In Sickness and in Health
Five weeks before we were to be married, in 1981, my fiancé called me from the emergency room. We had been worried by Bill's blurred vision, extreme exhaustion, frequent urination, and plummeting weight. Now the diagnosis was in: type 1 diabetes. Suddenly, the wedding invitations, rehearsal arrangements, and last-minute fittings seemed unimportant compared with learning how to give insulin shots and maintain good blood glucose control.
Bill and I had met at my church three years before, and he soon was helping me with my own health problems. Earlier in my life, I had experienced congenital hearing loss and fought tumors that resulted in a paralyzed vocal cord and the removal of nearly half of my stomach. These tumors were later diagnosed as part of the Carney Triad, a rare syndrome resulting from a combination of three types of tumors. Bill became my ears when I couldn't hear and my voice when mine gave out. Now it was my turn to help him.
Uniting to fight chronic disease early in our marriage taught Bill and me how to harness our personal strengths in a new way. I understood the value of supportive partnerships—both from my experience with health problems and from my job as a social worker—and I strove to encourage Bill in his diabetes management. At the same time, Bill's diabetes helped him to better understand what I faced. He stuck by my side through the intensive procedures and long periods of recuperation that I would experience over the years to come. He kept my spirits up when tumors and everything else were bringing them down.
Bill's diabetes was often hard to control. He experienced wildly fluctuating blood sugars. Increased stress, extreme weather: It seemed that anything could throw off his control. When he was diagnosed with gastroparesis, a complication of diabetes, he decided to go on an insulin pump. That was eight years ago, and his control has greatly improved since then.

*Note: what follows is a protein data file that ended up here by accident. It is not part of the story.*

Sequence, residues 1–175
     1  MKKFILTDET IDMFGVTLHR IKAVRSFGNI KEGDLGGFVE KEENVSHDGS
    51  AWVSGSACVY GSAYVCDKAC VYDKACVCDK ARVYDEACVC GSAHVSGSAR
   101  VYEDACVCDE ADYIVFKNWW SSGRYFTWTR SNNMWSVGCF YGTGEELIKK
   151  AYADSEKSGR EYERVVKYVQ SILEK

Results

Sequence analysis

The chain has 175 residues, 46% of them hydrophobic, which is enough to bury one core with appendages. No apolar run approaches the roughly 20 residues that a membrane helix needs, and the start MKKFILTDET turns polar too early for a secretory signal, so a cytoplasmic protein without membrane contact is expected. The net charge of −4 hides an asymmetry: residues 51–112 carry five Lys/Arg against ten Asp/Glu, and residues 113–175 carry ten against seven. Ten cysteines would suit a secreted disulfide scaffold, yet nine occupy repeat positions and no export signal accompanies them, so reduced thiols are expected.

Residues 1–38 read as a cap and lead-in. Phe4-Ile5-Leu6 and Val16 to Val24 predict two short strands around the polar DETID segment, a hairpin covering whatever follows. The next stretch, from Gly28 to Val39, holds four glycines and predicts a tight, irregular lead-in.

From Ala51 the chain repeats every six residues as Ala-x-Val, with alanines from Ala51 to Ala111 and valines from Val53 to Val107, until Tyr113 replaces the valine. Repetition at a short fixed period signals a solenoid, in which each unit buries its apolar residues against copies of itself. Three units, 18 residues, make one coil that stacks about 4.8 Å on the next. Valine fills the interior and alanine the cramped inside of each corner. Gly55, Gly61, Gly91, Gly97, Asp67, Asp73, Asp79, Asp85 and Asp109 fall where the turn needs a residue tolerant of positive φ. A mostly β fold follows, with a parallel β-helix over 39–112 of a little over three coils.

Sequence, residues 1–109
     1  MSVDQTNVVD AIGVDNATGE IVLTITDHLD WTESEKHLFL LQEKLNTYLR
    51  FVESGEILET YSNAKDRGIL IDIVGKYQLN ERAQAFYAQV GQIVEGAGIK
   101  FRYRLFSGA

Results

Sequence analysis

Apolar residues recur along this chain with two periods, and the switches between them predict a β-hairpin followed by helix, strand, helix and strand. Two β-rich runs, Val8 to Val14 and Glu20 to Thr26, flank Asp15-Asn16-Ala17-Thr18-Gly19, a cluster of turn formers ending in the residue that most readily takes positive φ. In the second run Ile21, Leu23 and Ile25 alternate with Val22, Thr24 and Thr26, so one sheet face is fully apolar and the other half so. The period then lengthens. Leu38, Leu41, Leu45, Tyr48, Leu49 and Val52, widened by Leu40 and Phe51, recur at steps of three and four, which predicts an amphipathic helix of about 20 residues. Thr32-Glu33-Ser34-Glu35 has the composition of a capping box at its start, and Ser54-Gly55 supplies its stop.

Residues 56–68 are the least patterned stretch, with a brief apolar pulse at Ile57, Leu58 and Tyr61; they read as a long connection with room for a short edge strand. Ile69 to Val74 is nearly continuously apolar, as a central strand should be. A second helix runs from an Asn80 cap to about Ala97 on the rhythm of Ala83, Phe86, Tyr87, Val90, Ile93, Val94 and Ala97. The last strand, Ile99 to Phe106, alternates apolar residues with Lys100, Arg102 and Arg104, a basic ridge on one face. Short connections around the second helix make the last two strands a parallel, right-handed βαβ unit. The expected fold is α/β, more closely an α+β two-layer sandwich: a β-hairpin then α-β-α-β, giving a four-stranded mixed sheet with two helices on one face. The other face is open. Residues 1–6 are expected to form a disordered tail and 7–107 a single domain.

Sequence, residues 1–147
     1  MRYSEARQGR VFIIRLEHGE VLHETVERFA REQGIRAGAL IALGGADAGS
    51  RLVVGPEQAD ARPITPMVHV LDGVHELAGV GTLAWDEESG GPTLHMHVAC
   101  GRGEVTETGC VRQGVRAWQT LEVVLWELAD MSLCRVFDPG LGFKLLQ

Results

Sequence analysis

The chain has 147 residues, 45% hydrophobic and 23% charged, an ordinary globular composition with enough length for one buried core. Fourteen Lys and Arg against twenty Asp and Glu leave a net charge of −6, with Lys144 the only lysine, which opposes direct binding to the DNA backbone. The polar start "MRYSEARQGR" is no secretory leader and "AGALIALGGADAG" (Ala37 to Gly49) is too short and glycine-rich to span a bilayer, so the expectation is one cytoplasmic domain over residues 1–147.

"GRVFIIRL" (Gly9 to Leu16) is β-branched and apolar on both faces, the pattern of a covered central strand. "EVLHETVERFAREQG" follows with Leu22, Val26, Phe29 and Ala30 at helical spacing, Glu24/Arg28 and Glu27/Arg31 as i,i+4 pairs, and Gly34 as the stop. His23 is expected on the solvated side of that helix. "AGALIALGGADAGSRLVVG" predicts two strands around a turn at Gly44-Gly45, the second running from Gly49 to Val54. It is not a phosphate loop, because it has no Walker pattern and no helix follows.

In 2005, our seasoned partnership braved its toughest test yet when Bill was diagnosed with a blood cancer, mantle cell lymphoma. Now, when he needed it most, we had the experience, patience, and determination to work hard to control his diabetes while chemotherapy wreaked havoc on his blood sugars. We even decided he could brave a particularly risky procedure: a stem cell transplant. The courage we had gained over the years paid off. Four years after the procedure, Bill remains lymphoma free.
Walking down the aisle when I was 30, I never could have guessed all the obstacles we would have to overcome—and how one constant, Bill's diabetes, would both challenge and enrich us. Our unexpected wedding gift prepared us for all that life has thrown our way.
Ronda Armstrong lives with her husband, Bill, in Des Moines. Now retired, they enjoy ballroom dancing.